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Written based on the first 17 chapters. Story: The story in a nutshell is that Shirotani suffers from a severe case of mysophobia (the fear of germs). He can’t remember when or why the phobia began (which I infer will be a later plot device *I can’t wait!*), but he has never felt that it was a problem that he needed to solve. Instead, he just adapts his lifestyle around the problem, for example walking to school and work instead of riding public trains. Because of an accident involving his employer, Shirotani meets Kurose, a child therapist. Kurose soon offers to try and cure Shirotani of his problem by exposer therapy, where he exposes himself to 10 different things that he finds difficult to do. I have nothing but lovely things to say about the presentation of Shirotani's phobia, but I have mixed feelings about Kurose’s role as a counselor. I ellaborate on these further on. This plot seems fairly original to me. On its own, therapy isn’t that original, but I have yet to come across any yaoi manga with this setting, especially one about mysophobia. Manga I have come across that do have character-similar problems such as masochism or trauma sometimes present it in a fetish-like manner which somewhat disappoints me, because it downplays the severity of a problem (please note that I am not saying that masochism in-and-of-itself is a severe problem). However, I feel that the mangaka presents Shirotani in a very realistic way. She presents his problem as a real problem, but also not to an extreme. Shirotani can live his life with his problem, he can cope on his own, however it is clear that he can’t live his life to the fullest around this problem. So anyway, the main intrigue about the plot, aside from the obvious knowledge that they will get together (since this is yaoi), is seeing how Shirotani overcomes his phobia. Art: The colored pages are to die for. I’ve read manga that have a few chapter first pages colored before, but almost every chapter starts with a few colored pages. I would be happy enough just to have colored pages, but the last few chapters have even had some colored erotic pages. While I read this all in one sitting without waiting for updates, I think that waiting is more worth it when you know that you will get these beautifully colored pages. Also, I’ve seen manga that had horrid coloring before. Ones that are just color replacement, such as blue or pink, instead of the usual black. I personally hate these pages. I find them unpleasant on my eyes and more difficult to read. While they are not the most beautiful art pieces ever, you can tell that she took her time coloring. I personally love her shading. As for the art itself, I really like it. I have yet to notice any of those yaoi art clichés, such as yaoi hands. The art is clean, nice, and subtle. Sometimes it is difficult to tell the difference between bodily fluids (sweat, ect.) and water, or they will be drawn in such a way that it looks nasty, but here the difference was noticeable and it did not look nasty. Which in and of itself is a subtle plot point, because, being mysophobic, Shirotani should see these things as ten times nastier, but she only draws them as such at certain moments. And believe me, it is there. There are at least two times when non-defined outlines of germs where drawn through his perspective. Here is another note on her subtlety, the non-defined outlines implies the fact that he doesn’t know where the germs actually are, which further emphasizes his panic. Characters Here we go. This, right after the lovely subtlety, is my biggest impression of the manga. I think that she developed very complex characters, which allows her to add the subtlety. As I stated above, I love Shirotani’s character. He is complex, realistic, obviously flawed, and empathetic. Kurose, however, is not as straightforward. It is harder to figure out what he is thinking, and there is my hang-up about his job. As for the other characters, for being side characters I think they have just the right amount of characterization. There are only two side characters, both of which help move the plot along. This is a great asset in my mind. I dislike when there are unneeded side characters who seem to exist simply to show that the main characters have acquaintances, especially when you can’t even remember their names. These side characters have purpose and only appear when it is necessary. Now on to my detailed discussion of Shirotani and Kurose. Shirotani Let’s start with the good. Shirotani is a majorly rounded character. Something happened in his past, which probably caused his phobia, but we still do not know what. However, just knowing that something occurred makes you intrigued and feel more empathetic toward him. Having a slight case of mysobphoia myself, I feel empathy for him during some of Kurose’s actions as well. But not entirely… Shirotani’s condition   I feel that the mangaka probably did some research, because I feel that most people would write phobias as either too extreme or too mild. For example, they might have them have the problem, then have them exposed to the 10 things and then boom they are cured. Or else they might struggle so much that they can’t even expose themselves to anything. Yet, Shirotani is a complex middle. He begins easily enough, backtracks, moves around on his 10 list, and even has contradictions between his mind and body. *slight spoilers regarding their relationship* The fact that Shirotani finds it easier to do things with Kurose is one of the subtle things I keep mentioning. A motif from many other stories, your body reacts when you like someone even if your mind tells you you shouldn’t. When it comes to Kurose it is easier for him to forget about the germs, and even when he thinks about the germs *larger spoiler* he is more worried about Kurose being exposed to his germs than the other way around. This signifies that he cares about him, because he cares more about his safety than his own. *end of spoilers* His complex condition leaves so much room for subtle interpretation. Every action that he takes can be analyzed for meaning. He suddenly requests for a piece of candy. Why does he do so? Why at this particular moment? What does the candy represent? The subtlety is fun, because some things, the candy included, I am still unsure what it does represent. I am hoping that its meaning will be revealed in later chapters, otherwise these hard to understand symbols could be considered a downpoint of the manga. There is a lot more that I could say about his subtle actions, but alas it would contain too many spoilers. Kurose Now, I am no expert by any means, but my sister is a counselor, so I do hear a lot about the job, especially about the ethics involved. With all ethics, they are complicated. According to therapist ethics, it is unethical to counsel someone that you know or to become friends, lovers, ect. with someone that you have counseled. From the beginning I wondered about the ethics involved in this manga. Knowing that they were going to get together I pushed the idea aside saying, well okay who cares if he is unethical because he came to like Shirotani further on, however, from the beginning I couldn’t help feeling that he had ulterior motives for helping him. I felt that he used it as an excuse to get to know him. Also, early on *somewhat spoilers* he asks Shirotani to be his friend as well as specifically tells him not to go to the clinic. My impression is that he doesn’t want their relationship found out by his employers because he could be fired. Shirotani does later go to the clinic, but it has nothing to do with therapy, so their relationship seems safe. Of course, their relationship itself is not so secret….but as I said the clinic should still not know that he is acting as his therapist. *end of spoilers*. But of course, I might be reading into it too much. It is very plausible that the mangaka has not done research into these ethics. At the same time it is possible that she knows about the ethics and decided to break them on purpose. Considering how well she writes Shirotani, I am inclined to believe that she has Kurose breaking ethics on purpose. Characters are more realistic when they have flaws, and this is an obvious one. But his actual work as a therapist is also very bad. Now we only see his work on Shirotani, with whom he has a personal relationship with and has his own self-interest involved, so perhaps he is very different when working with his child patients. When it comes to working with Shirotani he is somewhat detrimental to his progress. He begins well enough, letting him move slowly, and helping him as he sees fit through it. A character trait I really like is that *slight spoiler* he always asks Shirotani to pick something, such as “would you rather puke on the floor or have me carry you?”. This way he is careful not to push Shirotani too far. However, as his feelings grow, so does the pressure he places on him. In the most recent chapters he has pushed him quite far, to the point that it is obvious that he is not doing so to help Shirotani get better but for his own selfish desires. *end of spoilers*. Well this is a point against liking Kurose, it does give him a rounded character. It becomes more difficult to tell when he is doing something for his own self-interest and when he is trying to help Shirotani passed his phobia.   Overall This manga griped me, mostly because of the complexity of the characters and the subtle implications. The erotic scenes are also just as complex and subtle, which makes them more enjoyable to me. They feel more like actual plot progresion than thrown in smut. It presents enough about Shirotani’s past to intrigue you, but leaves enough unsaid that you want to keep reading to find out what happened. Overall, I find this manga intriguing practically in every way, well thought out, and full of subtle implications. Because of Shirotani's phobia, actions hold greater weight. Just viewing hand holding, or other non-explict actions, give you excitement because you know how difficult and meaningful this action is for Shirotani. The only flaw I can say, besides the mangaka’s possible lack of knowledge about theraphy ethics, is that it is unfinished meaning that we must wait for updates.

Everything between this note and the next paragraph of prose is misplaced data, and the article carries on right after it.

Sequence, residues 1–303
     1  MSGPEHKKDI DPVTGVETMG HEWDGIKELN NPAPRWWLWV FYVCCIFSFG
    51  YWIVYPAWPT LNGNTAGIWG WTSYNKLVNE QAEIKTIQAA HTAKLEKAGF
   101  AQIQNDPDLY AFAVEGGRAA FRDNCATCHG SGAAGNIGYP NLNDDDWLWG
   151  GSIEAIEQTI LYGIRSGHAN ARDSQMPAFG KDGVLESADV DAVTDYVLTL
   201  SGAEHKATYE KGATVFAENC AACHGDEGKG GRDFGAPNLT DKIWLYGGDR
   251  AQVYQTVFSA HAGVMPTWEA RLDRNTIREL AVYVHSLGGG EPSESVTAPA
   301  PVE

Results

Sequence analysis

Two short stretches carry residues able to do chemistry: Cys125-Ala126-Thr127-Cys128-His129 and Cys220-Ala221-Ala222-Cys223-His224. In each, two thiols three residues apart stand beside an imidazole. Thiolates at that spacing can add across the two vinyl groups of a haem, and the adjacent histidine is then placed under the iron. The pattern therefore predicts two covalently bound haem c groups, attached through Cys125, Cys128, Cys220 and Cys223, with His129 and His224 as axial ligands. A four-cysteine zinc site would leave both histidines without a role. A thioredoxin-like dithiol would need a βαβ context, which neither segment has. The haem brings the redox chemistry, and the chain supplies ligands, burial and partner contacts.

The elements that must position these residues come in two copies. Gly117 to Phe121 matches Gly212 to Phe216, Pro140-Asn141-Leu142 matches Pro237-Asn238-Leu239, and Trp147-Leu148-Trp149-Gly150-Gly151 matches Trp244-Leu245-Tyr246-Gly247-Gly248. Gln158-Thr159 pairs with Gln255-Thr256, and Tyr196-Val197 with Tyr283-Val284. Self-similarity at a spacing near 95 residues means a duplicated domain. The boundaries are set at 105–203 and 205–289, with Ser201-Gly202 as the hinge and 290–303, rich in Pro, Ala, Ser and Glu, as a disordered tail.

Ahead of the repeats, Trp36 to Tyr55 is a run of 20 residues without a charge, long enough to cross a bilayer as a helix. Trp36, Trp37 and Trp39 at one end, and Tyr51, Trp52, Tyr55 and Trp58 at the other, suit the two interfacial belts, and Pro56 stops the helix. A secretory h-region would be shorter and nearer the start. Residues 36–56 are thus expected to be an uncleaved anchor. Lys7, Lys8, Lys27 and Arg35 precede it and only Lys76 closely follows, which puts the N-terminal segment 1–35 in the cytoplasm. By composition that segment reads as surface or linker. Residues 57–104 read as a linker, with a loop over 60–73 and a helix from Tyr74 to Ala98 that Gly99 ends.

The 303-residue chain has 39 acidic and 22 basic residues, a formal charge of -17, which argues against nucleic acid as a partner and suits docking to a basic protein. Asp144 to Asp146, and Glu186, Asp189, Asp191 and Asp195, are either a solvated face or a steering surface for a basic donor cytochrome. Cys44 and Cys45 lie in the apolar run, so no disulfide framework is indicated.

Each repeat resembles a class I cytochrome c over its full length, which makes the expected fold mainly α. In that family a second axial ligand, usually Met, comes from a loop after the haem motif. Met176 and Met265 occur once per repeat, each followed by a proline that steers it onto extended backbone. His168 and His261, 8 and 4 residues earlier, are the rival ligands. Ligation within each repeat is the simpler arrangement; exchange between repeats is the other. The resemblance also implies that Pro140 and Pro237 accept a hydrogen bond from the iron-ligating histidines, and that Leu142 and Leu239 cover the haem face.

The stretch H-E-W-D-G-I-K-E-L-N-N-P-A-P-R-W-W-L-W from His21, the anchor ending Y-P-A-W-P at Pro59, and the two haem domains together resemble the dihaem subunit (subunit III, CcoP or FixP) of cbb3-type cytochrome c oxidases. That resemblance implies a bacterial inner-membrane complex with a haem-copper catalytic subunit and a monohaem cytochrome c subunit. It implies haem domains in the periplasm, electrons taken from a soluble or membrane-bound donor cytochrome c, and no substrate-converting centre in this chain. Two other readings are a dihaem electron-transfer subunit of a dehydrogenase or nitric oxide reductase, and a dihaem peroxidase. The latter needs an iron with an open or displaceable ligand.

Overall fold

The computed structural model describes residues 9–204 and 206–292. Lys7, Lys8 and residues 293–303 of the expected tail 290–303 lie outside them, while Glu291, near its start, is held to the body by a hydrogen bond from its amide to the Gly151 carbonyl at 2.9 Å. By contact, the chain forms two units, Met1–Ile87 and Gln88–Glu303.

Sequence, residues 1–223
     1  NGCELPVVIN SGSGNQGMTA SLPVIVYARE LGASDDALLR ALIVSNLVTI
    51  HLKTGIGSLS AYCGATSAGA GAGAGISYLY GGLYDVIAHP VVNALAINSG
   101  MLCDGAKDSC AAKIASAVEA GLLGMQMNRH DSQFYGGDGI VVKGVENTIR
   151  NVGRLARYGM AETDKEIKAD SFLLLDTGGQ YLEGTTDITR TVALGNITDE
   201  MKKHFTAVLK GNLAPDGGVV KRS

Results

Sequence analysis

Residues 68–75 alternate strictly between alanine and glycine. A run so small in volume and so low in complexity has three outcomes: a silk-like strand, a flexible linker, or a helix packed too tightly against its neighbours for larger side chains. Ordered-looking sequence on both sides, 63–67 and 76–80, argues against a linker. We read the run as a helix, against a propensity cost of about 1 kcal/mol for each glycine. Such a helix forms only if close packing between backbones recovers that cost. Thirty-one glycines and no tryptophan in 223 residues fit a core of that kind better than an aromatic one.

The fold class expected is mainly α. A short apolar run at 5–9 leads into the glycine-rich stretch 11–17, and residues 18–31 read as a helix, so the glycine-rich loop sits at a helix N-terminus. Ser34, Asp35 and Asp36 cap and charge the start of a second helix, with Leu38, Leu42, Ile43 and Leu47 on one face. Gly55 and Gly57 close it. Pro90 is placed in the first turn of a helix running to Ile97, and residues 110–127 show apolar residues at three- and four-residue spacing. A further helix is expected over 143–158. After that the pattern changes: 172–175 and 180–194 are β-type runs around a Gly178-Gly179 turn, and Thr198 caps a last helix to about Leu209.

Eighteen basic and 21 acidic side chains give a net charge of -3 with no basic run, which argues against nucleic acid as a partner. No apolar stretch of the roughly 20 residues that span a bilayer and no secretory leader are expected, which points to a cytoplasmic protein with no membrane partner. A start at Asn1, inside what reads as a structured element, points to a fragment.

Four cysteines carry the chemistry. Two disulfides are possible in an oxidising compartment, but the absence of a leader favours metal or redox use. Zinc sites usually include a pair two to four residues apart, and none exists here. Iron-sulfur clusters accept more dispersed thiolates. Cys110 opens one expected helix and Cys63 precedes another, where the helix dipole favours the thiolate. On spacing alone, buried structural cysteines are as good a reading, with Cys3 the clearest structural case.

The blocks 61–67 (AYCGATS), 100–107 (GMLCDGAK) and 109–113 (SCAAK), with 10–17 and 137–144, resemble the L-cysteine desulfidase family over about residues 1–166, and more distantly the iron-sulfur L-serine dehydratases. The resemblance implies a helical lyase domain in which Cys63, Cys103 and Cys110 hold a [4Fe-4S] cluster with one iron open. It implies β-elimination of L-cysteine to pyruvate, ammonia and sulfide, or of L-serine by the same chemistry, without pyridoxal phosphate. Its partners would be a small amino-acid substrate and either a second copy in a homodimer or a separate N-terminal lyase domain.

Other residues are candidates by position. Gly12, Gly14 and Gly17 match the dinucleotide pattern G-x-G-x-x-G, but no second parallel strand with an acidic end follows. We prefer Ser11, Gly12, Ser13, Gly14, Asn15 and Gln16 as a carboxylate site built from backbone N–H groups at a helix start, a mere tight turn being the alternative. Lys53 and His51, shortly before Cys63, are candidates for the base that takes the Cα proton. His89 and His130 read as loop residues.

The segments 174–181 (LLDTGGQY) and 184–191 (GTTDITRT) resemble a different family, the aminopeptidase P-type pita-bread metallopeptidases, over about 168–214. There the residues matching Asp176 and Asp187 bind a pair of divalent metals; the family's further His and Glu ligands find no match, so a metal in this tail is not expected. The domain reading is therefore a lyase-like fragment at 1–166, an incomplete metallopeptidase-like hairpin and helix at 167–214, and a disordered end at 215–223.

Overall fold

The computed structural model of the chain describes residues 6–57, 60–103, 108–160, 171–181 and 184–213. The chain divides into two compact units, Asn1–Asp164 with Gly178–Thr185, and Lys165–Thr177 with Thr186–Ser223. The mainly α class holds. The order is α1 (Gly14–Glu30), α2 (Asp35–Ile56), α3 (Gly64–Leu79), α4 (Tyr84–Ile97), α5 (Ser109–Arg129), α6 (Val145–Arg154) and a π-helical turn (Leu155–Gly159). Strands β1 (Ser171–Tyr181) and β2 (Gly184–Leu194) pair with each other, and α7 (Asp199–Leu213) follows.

*As of chapter 31, as spoiler-free as possible* I don't read much manga (honestly it's just too darn expensive), I was scrolling through some manga online on a whim and I came across Ten Count. Shamelessly, I was entranced by the bishie on the cover. :D But what I got is a really heartwarming and pretty deep look at the relationship between two guys, one with Mysophobia, and the other of whom is a psychiatrist. Now, to begin; the story in itself is an interesting one. Mental illnesses are very rarely explored in anime (and if they are, they become a plot device or the source of comedy), and to my knowledge, manga (but don't quote me on that, I'm mainly referring to my experience of anime here as my experience of manga is not much) so I was really happy to see it represented here, and in such a realistic way - Shirotani doesn't just get help and become cured after magically managing to complete the tasks Kurose sets him; instead, he suffers from realistic setbacks, crises of confidence and there is a kind of dance between his fears, and his contrary feelings of wanting to be touched by Kurose. As the manga goes on, their relationship deepens and strengthens, with Shirotani becoming more conflicted about the interaction between his mysophobia and his feelings for Kurose. This comes to a head, and the climax of this particular part is very emotional. I almost shed a tear myself. *minor plot spoilers ahead, but we all know there is sexy times, don't lie* Because I haven't read or seen much yaoi/BL stuff before, I wasn't really sure what to expect. I know every form of relationship has its smut around and its fetishist stuff, but to be honest, I really was surprised at how much this manga developed the story and relationship, not just jumping straight into "well they met and talked and then had sex". Which makes it very...satisfying, I guess? when they do get down and dirty. We've seen these two guys dance around their feelings for one another, so it feels meaningful both to the characters, and to the reader. *end of spoilery bit* So let me just fangirl about the art style a bit please. It's beautiful, and honestly, my favourite manga art style so far (bear in mind my knowledge of manga art styles is fairly, but not completely, limited). The coloured pages are a feat in themselves, giving more life to the characters, but the normal monochrome pages are beautiful too, as the drawings are just top-notch. And those sex scenes, though. It's not classy, and it doesn't pull any punches, but it gives a fairly (I would imagine) realistic interpretation of the subject matter. Let me also stress that I adore the drawing of hands in this manga, poor Shirotani with his gloves and sore hands is believable (and the gloves are drawn very nicely) and in general they are drawn in a realistic way, with believable movement, and avoids the dreaded yaoi hand syndrome. Lastly, the characters. Shirotani is a believable mysophobia sufferer, who constantly dreads doing anything which may bring him into close contact with germs or perceived dirty things, and for once, it's not exploited in a comedic way. The author seems very sympathetic to the challenges of living with such a disorder, and the possible trauma that creates it. He is also freaking adorable. Kurose is hot, but Shirotani has catapulted himself to the top of my cinnamon roll list. Naturally, he is the uke, and the "m" of the relationship. Kurose is the seme, and the "s" of the relationship. He is a psychiatrist (or psychologist) who, seemingly for no reason, decides to take on Shirotani, and help him recover. We do learn later why he is drawn to those with the condition, but I won't spoil it here. While he can seem pushy at times, as you see Shirotani's thoughts, you begin to realise that really, he kind of knows what's up, which is definitely proven later on. So, overall, a very interesting and entertaining look at two "different" individuals, and their developing relationship. The sex adds to the story (and let's face it, some people will pick it up just for the sex, and probably drop it when it doesn't happen for a whole volume) but doesn't distract the reader from it, either. I will just put a warning here that the sex is very explicit and not classy in any way, but it's also not censored. For those who are sensitive about this kind of thing. But I can definitely recommend this manga based on the story and the dang adorable relationship and great characters with lots of depth and complicated feelings. My only bugbear about it is that there's not many tender moments (kissing, cuddling, snuggling), but there is a lot of tender moments when they are talking to each other (in what they say). Come for the sex, stay for the story. :D (Alternatively, come for the story and stay because it's so good).